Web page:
Although there is a consensus that industries are globalizing, the notion that consumer attitudes and behaviors worldwide are likewise homogenizing remains disputed. Despite widespread discourse on this topic, there is a dearth of empirical investigations. This international research examines similarities and differences with respect to the nature of three consumer attitudinal dispositions: cosmopolitanism, consumer ethnocentrism, and materialism. The authors cross-culturally compare demographic antecedents with these dispositions, as well as behavioral outcomes. They test the validation of the construct measures and associated hypotheses using survey data drawn from consumers in eight countries and structural equation modeling techniques, including multigroup analysis. Empirical findings broadly support the cross-cultural applicability of the constructs, though the links to the various demographic antecedents vary considerably from sample to sample. The role of each construct on behavior also varies substantially across the range of product categories considered and across and between national groups.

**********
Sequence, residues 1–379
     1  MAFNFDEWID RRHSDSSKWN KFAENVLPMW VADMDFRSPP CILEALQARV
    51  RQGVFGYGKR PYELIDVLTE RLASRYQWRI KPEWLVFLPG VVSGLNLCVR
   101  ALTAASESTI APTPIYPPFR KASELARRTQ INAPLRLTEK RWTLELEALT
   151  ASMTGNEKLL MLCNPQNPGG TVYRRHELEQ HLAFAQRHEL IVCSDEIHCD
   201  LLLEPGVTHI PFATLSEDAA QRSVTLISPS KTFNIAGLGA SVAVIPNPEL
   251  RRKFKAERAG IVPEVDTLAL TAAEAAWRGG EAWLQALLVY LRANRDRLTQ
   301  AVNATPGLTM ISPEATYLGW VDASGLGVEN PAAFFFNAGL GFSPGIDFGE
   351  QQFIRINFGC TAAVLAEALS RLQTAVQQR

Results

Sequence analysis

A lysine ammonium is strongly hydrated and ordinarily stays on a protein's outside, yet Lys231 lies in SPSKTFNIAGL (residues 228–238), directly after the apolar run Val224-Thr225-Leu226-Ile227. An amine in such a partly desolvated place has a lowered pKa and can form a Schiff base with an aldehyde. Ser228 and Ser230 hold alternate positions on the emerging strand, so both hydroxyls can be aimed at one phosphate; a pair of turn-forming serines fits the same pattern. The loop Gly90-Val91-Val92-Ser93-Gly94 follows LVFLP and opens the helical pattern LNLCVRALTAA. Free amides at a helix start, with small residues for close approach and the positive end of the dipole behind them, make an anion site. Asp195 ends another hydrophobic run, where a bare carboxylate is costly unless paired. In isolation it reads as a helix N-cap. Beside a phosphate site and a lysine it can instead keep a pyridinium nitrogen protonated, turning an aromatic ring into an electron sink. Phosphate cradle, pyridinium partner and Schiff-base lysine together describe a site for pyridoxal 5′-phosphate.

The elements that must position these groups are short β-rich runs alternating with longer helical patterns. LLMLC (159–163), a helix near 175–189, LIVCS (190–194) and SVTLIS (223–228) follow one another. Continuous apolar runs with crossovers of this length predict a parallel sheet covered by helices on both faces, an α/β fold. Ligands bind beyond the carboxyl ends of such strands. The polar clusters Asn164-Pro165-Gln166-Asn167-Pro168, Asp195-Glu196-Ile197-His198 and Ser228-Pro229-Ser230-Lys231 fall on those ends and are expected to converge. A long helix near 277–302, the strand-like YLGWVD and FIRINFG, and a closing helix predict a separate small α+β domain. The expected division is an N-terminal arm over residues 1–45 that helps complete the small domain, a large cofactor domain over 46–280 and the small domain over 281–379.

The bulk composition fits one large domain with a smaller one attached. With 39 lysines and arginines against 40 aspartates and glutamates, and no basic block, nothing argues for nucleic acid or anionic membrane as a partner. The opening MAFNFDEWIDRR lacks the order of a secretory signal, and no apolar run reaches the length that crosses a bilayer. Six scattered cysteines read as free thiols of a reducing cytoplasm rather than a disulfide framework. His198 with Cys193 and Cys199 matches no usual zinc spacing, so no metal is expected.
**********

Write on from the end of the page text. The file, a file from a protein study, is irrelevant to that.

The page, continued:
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Journal of International Marketing
Sprott School of Business

Cleveland, M. (Mark), Laroche, M. (Michel), & Papadopoulos, N. (2009). Cosmopolitanism, consumer ethnocentrism, and materialism: An eight-country study of antecedents and outcomes. Journal of International Marketing, 17(1), 116–146. doi:10.1509/jimk.17.1.116